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Estonian Snack and Lunch Ideas for Kids

One of the greatest things about life in Canada is the rich tapestry of heritage that we get to share and enjoy as Canadians. Each country has its own perspective and way of communicating that through language, music, dance, crafts, and food. I’d like to talk about food in particular.

Mulgikapsad photo from

Between work, running errands, doing the laundry, and trying to keep kids active with fun and educational activities, thinking of new ideas for lunches and snacks may become exhausting. If you’ve been cycling through the same food options again and again, there’s no better time than now to introduce some fresh ideas. Tasty treats that kids can get excited about, but also ones that aren’t overly complicated. That way, making the recipes becomes an engaging activity in and of itself.

These can also become snacks for kids going to school, to share their heritage with friends.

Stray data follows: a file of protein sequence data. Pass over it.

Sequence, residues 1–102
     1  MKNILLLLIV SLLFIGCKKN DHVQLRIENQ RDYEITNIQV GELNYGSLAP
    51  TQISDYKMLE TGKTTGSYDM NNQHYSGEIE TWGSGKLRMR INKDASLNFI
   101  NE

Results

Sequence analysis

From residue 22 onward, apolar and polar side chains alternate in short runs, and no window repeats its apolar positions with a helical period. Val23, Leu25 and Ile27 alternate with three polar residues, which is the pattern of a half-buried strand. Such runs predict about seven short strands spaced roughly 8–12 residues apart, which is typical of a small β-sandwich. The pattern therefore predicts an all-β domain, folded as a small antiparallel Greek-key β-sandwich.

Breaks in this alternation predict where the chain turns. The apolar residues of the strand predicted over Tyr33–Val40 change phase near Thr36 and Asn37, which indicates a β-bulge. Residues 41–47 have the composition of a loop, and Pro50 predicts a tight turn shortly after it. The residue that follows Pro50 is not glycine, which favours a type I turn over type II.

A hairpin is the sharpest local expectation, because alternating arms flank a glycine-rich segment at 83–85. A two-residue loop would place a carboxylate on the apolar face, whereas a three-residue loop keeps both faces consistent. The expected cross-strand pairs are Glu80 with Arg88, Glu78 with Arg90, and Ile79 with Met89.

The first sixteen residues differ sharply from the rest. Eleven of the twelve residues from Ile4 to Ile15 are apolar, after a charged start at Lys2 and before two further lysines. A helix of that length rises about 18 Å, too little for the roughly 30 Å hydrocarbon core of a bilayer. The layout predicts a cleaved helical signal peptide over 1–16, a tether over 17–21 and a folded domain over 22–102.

Porgandi Pirukad (savoury carrot pastries)

Place 6 eggs in a pot of water, bring the water to a rolling boil, and let the eggs cook thoroughly for 15 minutes. Pour cold water from the kitchen faucet over the eggs, let them sit for five minutes, and then peel off the shells (the contrasting hot and cold should make this a breeze). Use a fork to mash up the hard-boiled eggs and put aside in a bowl with some salt and pepper. You may even want to finely mince some fresh dill for a tangy and sweet flavour twist.

Peel and slice three carrots and boil the pieces in another pot of water. Once they are soft, you can either mash them by hand or blend them, depending on how present you want the texture of the carrots to be. Combined with the boiled eggs, and this will be your pastry filling.

If you wish to make your own dough, you can mix half a litre of slightly warm milk, 2 tablespoons of active dry yeast and 3 cups of flour into a bowl. Let this mixture sit in your kitchen (you should make sure the room is warm) for an hour or so while you do something else. When you come back, introduce 1 and 3/4 sticks of butter and another 3 cups of flour into the mixture and knead the dough well with your hands. Let the dough sit in the kitchen until it rises and doubles in size.